Scientists May Have Just Uncovered The Brain Circuits Behind Mood And Anxiety Disorders


The largest brain imaging study of its kind may have found the reason why people with anxiety and mood disorders so often feel unable to escape negative thoughts and emotions.

Researchers analyzed a trove of brain scans–more than 9,000 from 226 previous functional imaging studies–that compared the brain activity of healthy adults to those diagnosed with mood or anxiety disorders.

Analysis across the studies found abnormally low activity in brain regions responsible for stopping thoughts and shifting to new ones, referred to in the research as “cognitive control,” and hyperactivity in other brain regions that “process emotional thoughts and feelings.”

Brain areas that showed abnormally low activity included the inferior prefrontal and parietal cortex, the insula and the putamen, which collectively form a brain circuit that influences control over thoughts and emotions. Brain areas showing hyperactivity included the left amygdala, seat of the fight or flight response.  

Taken together, these findings suggest that the brains of patients with anxiety and mood disorders are stuck in an unhealthy hotbox: on one side their brains have difficulty managing emotionally charged thoughts, and on the other they’re prone to rumination and negative emotions.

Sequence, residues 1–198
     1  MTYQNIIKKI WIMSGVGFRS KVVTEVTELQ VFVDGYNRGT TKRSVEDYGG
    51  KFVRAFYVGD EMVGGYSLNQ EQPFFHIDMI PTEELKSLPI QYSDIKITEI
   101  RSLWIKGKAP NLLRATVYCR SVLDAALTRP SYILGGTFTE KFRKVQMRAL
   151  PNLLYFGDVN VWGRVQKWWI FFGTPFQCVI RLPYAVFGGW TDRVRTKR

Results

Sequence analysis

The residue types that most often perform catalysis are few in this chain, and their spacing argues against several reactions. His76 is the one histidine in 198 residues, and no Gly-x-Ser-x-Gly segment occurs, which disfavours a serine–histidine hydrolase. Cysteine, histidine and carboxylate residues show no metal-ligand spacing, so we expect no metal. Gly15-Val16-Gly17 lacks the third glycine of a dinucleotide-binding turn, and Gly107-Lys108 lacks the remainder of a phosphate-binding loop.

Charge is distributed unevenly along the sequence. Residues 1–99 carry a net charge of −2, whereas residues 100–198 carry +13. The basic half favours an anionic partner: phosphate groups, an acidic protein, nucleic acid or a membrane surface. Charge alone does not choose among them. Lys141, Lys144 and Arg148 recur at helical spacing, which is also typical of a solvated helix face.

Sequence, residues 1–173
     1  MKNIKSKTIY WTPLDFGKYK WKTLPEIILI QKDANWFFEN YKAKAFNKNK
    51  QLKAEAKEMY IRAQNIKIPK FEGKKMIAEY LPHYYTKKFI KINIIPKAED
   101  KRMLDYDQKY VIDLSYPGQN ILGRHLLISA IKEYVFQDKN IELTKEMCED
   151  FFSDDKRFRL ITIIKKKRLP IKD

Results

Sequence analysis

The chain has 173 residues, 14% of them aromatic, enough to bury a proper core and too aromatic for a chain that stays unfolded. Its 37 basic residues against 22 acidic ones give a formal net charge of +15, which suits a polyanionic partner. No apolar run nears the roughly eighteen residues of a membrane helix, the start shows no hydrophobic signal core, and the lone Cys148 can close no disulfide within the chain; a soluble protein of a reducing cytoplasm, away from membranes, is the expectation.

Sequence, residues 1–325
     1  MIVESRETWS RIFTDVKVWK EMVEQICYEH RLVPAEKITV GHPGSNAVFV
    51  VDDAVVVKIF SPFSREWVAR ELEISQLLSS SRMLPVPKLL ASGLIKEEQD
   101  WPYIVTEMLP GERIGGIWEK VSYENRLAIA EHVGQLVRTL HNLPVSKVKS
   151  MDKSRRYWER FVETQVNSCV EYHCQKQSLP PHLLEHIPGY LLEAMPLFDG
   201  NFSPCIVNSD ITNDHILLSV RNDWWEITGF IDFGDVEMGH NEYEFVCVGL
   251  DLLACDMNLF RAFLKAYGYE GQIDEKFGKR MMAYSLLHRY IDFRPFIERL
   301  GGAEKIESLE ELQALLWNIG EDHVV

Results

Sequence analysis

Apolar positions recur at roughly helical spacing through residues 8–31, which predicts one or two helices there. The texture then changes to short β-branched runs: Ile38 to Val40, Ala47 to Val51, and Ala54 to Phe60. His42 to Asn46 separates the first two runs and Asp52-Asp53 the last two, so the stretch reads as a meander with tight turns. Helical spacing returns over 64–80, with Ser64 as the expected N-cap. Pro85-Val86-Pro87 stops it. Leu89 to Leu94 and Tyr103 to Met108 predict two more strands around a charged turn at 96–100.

“These brain imaging findings provide a science-based explanation as to why patients with mood and anxiety disorders seem to be ‘locked in’ to negative mood states,” said Dr. Sophia Frangou, senior study author and a psychiatry professor at The University of British Columbia. “They also corroborate the patients’ experience of being unable to stop and switch away from negative thoughts and feelings.”

Mood and anxiety disorders in the study included major depressive disorder, bipolar disorder, post-traumatic stress disorder and several anxiety disorders. One in five adults in the U.S., roughly 50 million people, experience these disorders in any given year.

The researchers noted that the study intentionally excluded brain imaging from children and older adults, so it’s not possible to know how the results would apply to those age groups. And since interpreting brain scans relies largely on correlation, the results do not show cause and effect, nor answer the “chicken and egg” questions about whether brain abnormalities exist prior to, or are a consequence of, other factors.

Future studies, the researchers said, will evaluate ways of focusing on the brain circuits featured in the findings, potentially with interventions like neurostimulation and targeted therapy.

“These shared brain phenotypes have the potential to serve as targets for interventions aiming to improve clinical outcomes and reduce or prevent affective morbidity in the general population,” they wrote.

The study was published in JAMA Psychiatry and was funded in part by the National Institute of Mental Health.

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